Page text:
“I saw the thimble on your finger but I didn’t know//you were our thimble.” – Vanessa Shields
I fell in love with Thimbles, the third and latest poetry collection by Canadian poet Vanessa Shields, while it was still an infant in PDF format.
Wow, such a raw and honest ravelling and unravelling of emotions. Such a heart-wrenching tribute to the late Maria Giuditta Merlo Bison, her loving, seamstress grandmother (or as the Italians would say Nonna).
As I slipped inside Shields’ imaginary sewing basket and learned more about her personal inter-generational love story, my appreciation for the book grew stronger!
In my opinion, it’s Shields’ best poetry collection to date. Even CBC Books recently listed it as one of the “55 Canadian poetry collections to check out in spring 2021”.
As I mentioned in my Goodreads review, her work not only explored a new maturity in subject matter but her use of the sewing and mountain themes and motifs beautifully stitched together the narrative thread of her 94 poems.
So many of the metaphors spoke to me. One of my favourite lines: “i found her dressmaker’s shears while she was sleeping/i cut into her past & freed up her laughter” (p. 44)
Picture this image: “In the mountains Maria’s mind is a dress shop/a riveting assembly of delicate designs” (p. 15) Then towards the end of the book: “Nonna stands courageous on her favourite mountain in Italy/our mourning a songbird’s trill caressing her earlobe” (p. 107)
Several poems expressed sorrow: “her pain/juts like a/misplaced stitch” (p. 55) and “Death straddles the window sill/a waiting storm” (p. 52) Expect some tears too! In the poem “i call them episodes”, the poet wrote “I can see the disease/like a seam ripper/tearing apart/connections/in her brain” (p. 45)
At first, I wasn’t sure I would be able to handle another book about grief especially during the pandemic lockdown. However, Shields’ poetic tribute reads like a well-crafted novel with strong characters, vivid settings, and a nice balance of rhythm and emotions.
Divided into three sections: un bacin d’amor; only the good lasts; and domani è un altro giorno; the work pulls in the reader with the introduction of Nonna as child, teen, seamstress, and mother and then builds on family relationships, followed by the challenges of Nonna’s dementia and her family’s reactions to her demise.
Those familiar with Shields’ brash and bold verses from her earlier books can still find some humour in this collection. The poem “in willistead park she teaches me” reflected on how to “pee at the base of the elm tree” (p. 29). In “nonna takes a bath”, she described her grandmother: “her breasts like white sports socks filled with mangoes”. (p. 30).
Lines of beauty and tenderness shared such descriptions as “she is threads of light” (p. 83) and “her cheeks metal/dimples like the tip of a thimble” (p. 83)
While most of the poems are written in free verse style, there is enough variety in the book to keep the reader interested. The earlier poems were longer; later poems focusing on more stressful topics tended to have shorter lines to reinforce the rhythm of a rapid heartbeat.
I also loved the poem “her past unravels” where two different voices were woven together like a tapestry. In fact, there were few poems I didn’t like.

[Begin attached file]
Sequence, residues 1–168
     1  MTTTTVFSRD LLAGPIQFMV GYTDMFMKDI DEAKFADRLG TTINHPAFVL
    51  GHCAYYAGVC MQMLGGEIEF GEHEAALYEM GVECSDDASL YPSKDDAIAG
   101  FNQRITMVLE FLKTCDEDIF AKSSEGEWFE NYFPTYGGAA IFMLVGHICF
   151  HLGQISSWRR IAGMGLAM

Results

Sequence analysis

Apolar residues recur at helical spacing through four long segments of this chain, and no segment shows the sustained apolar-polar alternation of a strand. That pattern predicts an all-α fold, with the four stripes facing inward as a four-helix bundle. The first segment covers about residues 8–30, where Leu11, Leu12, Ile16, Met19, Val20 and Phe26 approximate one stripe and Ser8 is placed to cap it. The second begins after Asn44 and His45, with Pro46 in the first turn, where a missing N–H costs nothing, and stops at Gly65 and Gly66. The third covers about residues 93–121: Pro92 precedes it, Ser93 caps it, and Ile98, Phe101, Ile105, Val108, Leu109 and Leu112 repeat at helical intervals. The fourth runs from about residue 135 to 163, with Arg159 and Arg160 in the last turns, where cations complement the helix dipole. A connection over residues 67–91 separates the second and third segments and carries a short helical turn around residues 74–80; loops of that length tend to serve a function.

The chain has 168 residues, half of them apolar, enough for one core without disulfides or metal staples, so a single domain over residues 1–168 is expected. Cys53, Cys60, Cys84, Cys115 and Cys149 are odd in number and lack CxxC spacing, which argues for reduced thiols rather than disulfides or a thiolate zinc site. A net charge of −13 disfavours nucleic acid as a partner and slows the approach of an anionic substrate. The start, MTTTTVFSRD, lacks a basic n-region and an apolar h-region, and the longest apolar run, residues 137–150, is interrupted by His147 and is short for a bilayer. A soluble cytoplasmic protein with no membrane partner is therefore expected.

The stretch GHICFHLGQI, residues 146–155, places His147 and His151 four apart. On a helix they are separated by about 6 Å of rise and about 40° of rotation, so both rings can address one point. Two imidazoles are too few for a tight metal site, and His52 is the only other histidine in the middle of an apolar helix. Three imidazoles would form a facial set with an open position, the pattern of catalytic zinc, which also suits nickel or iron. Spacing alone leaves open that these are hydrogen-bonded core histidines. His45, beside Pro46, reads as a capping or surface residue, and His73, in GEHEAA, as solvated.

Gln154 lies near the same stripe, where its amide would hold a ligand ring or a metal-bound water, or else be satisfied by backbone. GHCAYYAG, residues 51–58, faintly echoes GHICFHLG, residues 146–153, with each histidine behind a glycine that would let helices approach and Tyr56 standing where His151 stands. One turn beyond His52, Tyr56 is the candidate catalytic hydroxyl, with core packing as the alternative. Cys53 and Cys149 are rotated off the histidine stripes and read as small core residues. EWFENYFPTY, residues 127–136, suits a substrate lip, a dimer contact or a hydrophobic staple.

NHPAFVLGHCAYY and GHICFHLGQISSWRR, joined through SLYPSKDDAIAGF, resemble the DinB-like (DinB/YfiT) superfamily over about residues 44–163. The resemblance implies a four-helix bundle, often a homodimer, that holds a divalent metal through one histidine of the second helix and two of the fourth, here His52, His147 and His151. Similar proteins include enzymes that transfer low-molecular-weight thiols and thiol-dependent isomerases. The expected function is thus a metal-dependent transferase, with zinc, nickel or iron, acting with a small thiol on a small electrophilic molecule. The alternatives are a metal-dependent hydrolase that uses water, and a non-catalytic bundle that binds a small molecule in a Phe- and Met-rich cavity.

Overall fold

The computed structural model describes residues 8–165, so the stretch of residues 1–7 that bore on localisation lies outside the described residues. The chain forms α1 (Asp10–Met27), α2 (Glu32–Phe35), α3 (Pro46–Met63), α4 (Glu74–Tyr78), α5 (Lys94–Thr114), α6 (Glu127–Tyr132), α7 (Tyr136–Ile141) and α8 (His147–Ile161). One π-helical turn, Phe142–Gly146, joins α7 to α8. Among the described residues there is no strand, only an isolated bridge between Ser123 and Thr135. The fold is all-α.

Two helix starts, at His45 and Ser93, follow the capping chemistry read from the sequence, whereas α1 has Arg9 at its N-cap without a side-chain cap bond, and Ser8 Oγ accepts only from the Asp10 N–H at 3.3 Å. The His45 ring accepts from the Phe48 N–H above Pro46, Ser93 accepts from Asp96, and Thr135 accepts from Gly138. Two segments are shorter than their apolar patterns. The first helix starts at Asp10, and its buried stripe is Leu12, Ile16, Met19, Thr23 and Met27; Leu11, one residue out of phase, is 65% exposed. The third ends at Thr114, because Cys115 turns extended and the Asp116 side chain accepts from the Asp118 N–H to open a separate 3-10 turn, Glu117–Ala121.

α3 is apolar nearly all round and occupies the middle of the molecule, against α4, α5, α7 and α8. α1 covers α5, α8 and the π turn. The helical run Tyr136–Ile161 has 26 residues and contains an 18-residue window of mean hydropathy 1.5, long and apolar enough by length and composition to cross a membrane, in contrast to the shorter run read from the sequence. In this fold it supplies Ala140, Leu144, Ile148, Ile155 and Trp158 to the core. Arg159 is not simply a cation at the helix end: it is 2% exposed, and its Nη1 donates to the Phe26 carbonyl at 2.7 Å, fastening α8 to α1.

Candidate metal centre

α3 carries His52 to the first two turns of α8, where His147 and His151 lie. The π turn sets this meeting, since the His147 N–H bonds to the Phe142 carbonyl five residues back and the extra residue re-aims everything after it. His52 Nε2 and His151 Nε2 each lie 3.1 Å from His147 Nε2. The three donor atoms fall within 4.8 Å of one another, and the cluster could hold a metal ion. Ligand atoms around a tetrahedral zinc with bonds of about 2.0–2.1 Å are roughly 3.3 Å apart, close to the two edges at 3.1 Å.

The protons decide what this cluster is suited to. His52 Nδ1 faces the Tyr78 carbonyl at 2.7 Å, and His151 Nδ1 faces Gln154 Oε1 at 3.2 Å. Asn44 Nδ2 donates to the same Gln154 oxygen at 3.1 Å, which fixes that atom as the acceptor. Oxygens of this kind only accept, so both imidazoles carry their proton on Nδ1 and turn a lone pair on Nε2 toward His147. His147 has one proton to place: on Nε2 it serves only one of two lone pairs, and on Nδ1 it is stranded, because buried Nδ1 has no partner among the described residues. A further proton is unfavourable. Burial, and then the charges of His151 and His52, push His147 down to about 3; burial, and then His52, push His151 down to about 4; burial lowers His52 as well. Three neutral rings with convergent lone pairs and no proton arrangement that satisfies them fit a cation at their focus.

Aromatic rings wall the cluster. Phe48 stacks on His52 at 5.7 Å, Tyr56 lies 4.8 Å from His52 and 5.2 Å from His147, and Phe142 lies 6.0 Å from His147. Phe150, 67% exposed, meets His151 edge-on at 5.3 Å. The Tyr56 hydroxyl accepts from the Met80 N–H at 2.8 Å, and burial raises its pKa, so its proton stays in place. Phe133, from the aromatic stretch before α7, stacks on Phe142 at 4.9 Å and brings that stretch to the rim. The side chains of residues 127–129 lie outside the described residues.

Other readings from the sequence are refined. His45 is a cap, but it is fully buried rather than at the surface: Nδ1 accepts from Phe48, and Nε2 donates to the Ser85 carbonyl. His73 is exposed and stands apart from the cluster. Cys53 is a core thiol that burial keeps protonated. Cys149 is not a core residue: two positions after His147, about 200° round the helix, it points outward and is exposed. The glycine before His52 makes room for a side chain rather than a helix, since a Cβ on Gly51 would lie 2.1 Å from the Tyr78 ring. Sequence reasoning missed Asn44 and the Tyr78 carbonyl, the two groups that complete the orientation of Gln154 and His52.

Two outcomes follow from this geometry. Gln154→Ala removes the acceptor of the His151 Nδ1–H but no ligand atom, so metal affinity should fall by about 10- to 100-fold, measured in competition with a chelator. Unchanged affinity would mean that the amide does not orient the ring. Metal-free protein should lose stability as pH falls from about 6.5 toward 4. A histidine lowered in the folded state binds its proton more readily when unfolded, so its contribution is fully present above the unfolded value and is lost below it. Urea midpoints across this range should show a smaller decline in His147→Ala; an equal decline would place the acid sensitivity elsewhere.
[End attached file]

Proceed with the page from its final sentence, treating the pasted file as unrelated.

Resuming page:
When a signed copy of Thimbles arrived in my mailbox during National Poetry Month (#NPM2021), my appreciation for the final product intensified. I loved the attention to details: the striking ‘red’ cover with the heart-shaped shadow created by two thimbles; the sewing and fabric images on the back cover; the matching red end sheets; and the soft creamy paper that acted like a pincushion for her poetic words.
Inside the package, a beautiful thank you note, and a silver thimble wrapped in a stitched homemade envelope.
Heartwarming, tender, deeply personal! A colour-coordinated patchwork of lyrical emotions! Hear my applause!
This Thursday, April 29th, the 123-page collection published by Palimpsest Press will be virtually launched. Palimpsest’s spring 2021 launch is planned for May 13, 2021. More details about these events, Shields’ future readings, plus an amazing book trailer created by her son Jett Shields can be found here.
Over the weekend, I had a chance to chat with Vanessa despite her busy schedule.
Vanessa, you’ve birthed another book. This time during a pandemic. What do you hope the reader will glean from reading your new collection of poems?
I hope that readers will feel welcomed by the love-fuelled story I’m telling. My intention for the entire structure of the book was to create a conversation about family, loss, illness, anger, grief, growth, forgiveness….so many major emotions and life experiences. But at its essence, Thimbles is a conversation that I’m having with readers, that I’m having with my Nonna, that I’m having with myself. Some parts of the conversation are very difficult to be a part of…the living them in order to write them was definitely difficult! I hope that readers will embrace the importance of ‘witnessing’ those we love and be compelled to ask questions of their loved ones they haven’t yet asked. Though my previous books also expressed love, Thimbles gets to the threadbare heart of it in a way that, perhaps, I haven’t yet written.